I’ll give you many less important options and then give you the big one.
- it’s cheap to play – you don’t need anything extra to play other than a shared ball
- it can be played anywhere – if you have a ball and relatively flat ground you can play
- it’s versatile – you can play indoors or outdoors, with just a few people or many
- it doesn’t require learning any new skills – we all can run around and kick things, the throw in and headers are really the only learned skills
- so simple a child can play it without training – even in soccer hell of America, it’s still by far the most common youth sport – it’s ubiquitous with childhood and families
- so simple anyone can coach it – this actually is taken a little too far in America. I played soccer all through high school and it wasn’t until I began reading European written world cup analysis that I became aware it could be a tactical game as all we ever did was running, skill drills and scrimmage for practice.
- it’s non-violent – it’s perhaps the safest sport to play
- it’s a brief game – especially when compared to the other British games
Now, ready for the big reason?
- The British Empire
Sports, at least as we treat them, are a modern invention. Just when sports were becoming a thing, the British controlled large sections of the globe. If you introduce a good game to a population that by and large didn’t have any beforehand, then it’s going to be adopted rather quickly. After that, it gets a first mover advantage.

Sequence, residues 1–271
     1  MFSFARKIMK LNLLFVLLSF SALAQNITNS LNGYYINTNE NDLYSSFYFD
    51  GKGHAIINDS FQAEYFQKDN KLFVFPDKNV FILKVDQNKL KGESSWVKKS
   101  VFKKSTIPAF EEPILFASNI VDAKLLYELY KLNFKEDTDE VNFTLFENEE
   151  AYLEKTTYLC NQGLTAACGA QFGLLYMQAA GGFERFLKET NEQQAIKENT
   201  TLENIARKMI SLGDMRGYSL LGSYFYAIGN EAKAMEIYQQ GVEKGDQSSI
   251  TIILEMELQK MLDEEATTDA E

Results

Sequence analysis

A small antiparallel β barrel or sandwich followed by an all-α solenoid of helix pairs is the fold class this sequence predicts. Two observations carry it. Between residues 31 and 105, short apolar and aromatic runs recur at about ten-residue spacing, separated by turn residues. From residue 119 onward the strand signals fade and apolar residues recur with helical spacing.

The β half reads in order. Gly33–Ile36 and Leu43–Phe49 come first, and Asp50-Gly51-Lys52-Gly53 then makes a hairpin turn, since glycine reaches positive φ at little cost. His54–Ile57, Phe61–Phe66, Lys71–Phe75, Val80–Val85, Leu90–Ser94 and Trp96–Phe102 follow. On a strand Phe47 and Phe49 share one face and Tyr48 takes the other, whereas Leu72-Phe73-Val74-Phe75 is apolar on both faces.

Therefore, it got a tremendous advantage being pushed forward by the British Empire. However, unlike the very expensive, violent and time consuming sports, soccer made a smooth transition elsewhere while games like Rugby, Equestrian, Golf and Cricket never really spread for those problems.
Don’t believe me, just look at Rugby and Cricket – two games with almost nothing in common beyond British origins. Try to find a single non-commonwealth nation that excels at both – you won’t. In fact, it’s hard to find it played in non-commonwealth nations. These sports just didn’t have the popular appeal of soccer so stayed located in their imperial bases.
Then look at baseball, where is baseball popular? Countries that border the United States and countries that have (and still are) militarily occupied by Americans.
Also, soccer is a perfectly acceptable term. In fact, the majority of native English speaking countries say soccer because football for them is a completely different sport. Not just in America, but also in Australia, in Ireland, etc etc. In fact, soccer was the commonly used word for it in England as well until the 1960s when football started becoming more common. It’s really silly to call it football if you live in a country that otherwise calls it soccer, if you do, you aren’t being correct, you’re being a sycophant and making an ass of yourself.
A source: Quora.